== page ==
Relaxed measures for inbound China travellers

Relaxed measures for inbound China travellers

Following recent developments in the global covid-19 pandemic situation and based on the specific characteristics of the omicron variant, Chinese embassies and consulates have adjusted requirements for pre-travel testing and Health Declaration Code applications.

The measures, which took effect from late May, greatly relax requirements and procedures for HDC-Code applications of inbound China travellers, though the specific changes and their effective date vary slightly by country and region. The measures unify testing requirements for travellers from the same departure location regardless of their vaccination status, i.e., whether the person is vaccinated, partially vaccinated or not vaccinated, and regardless of the type of vaccine. Here are the basic testing requirements for HDC-Code applications and the main changes to previous measures.


  • First nucleic acid test within 48 hours before boarding
  • Second nucleic acid test within 24 hours before boarding
  • Antigen test within 12 hours before boarding (applicable only in some locations)


  • The requirement for a nucleic acid test seven days before boarding is cancelled
  • The requirement of an IgM antibody test for unvaccinated or partially vaccinated people is cancelled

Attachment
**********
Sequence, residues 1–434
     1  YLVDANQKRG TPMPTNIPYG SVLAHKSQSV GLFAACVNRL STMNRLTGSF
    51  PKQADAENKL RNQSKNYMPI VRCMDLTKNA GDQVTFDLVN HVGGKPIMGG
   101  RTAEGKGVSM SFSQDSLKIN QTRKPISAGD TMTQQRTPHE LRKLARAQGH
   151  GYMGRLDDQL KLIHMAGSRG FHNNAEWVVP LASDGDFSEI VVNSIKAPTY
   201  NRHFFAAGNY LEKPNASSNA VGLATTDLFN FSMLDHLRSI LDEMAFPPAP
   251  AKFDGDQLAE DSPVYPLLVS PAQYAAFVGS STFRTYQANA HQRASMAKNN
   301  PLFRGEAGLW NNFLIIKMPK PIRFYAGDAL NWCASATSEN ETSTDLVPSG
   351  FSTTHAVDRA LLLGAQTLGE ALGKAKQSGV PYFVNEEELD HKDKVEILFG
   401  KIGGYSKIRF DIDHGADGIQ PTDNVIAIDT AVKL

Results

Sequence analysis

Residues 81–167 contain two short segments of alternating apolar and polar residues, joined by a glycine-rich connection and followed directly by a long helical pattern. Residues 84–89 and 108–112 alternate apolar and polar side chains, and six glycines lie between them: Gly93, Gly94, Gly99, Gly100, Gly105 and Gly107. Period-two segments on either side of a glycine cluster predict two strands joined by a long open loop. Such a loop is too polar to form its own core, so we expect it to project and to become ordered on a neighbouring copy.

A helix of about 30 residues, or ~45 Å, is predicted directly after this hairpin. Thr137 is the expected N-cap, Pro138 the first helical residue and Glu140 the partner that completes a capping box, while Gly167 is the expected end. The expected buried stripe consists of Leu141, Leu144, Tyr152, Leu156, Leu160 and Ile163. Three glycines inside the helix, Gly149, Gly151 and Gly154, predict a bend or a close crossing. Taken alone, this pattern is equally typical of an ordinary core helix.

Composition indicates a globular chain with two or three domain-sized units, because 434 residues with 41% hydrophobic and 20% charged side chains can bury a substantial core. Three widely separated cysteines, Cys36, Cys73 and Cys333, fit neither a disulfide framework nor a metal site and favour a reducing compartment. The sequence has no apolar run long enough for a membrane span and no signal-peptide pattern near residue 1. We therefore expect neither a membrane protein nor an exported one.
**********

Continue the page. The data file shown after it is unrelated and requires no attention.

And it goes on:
• Mandatory self-health monitoring requirements are either cancelled or the length of the monitoring period is shortened (depending on location)
  • Imaging diagnosis of lung CT or X-ray is no longer required for those who have a history of infection (applicable only in some locations).

Compared with the policies of the past two years, the latest changes may facilitate inbound travel to mainland China. However, travellers who have a history of infection, are close contacts of a person with covid-19 or have symptoms of covid-19 will have to go through additional hurdles.

Unnecessary cross-border travel is still discouraged. To effectively manage the risk of covid-19 infection at exit and entry, visa applications for inbound foreigners and the issuing of passports and endorsement for outbound PRC nationals are still restricted. Post-arrival quarantine measures are still strictly implemented without exemptions.

Business Law Digest is compiled with the assistance of Baker McKenzie. Readers should not act on this information without seeking professional legal advice. You can contact Baker McKenzie by e-mailing Howard Wu (Shanghai) at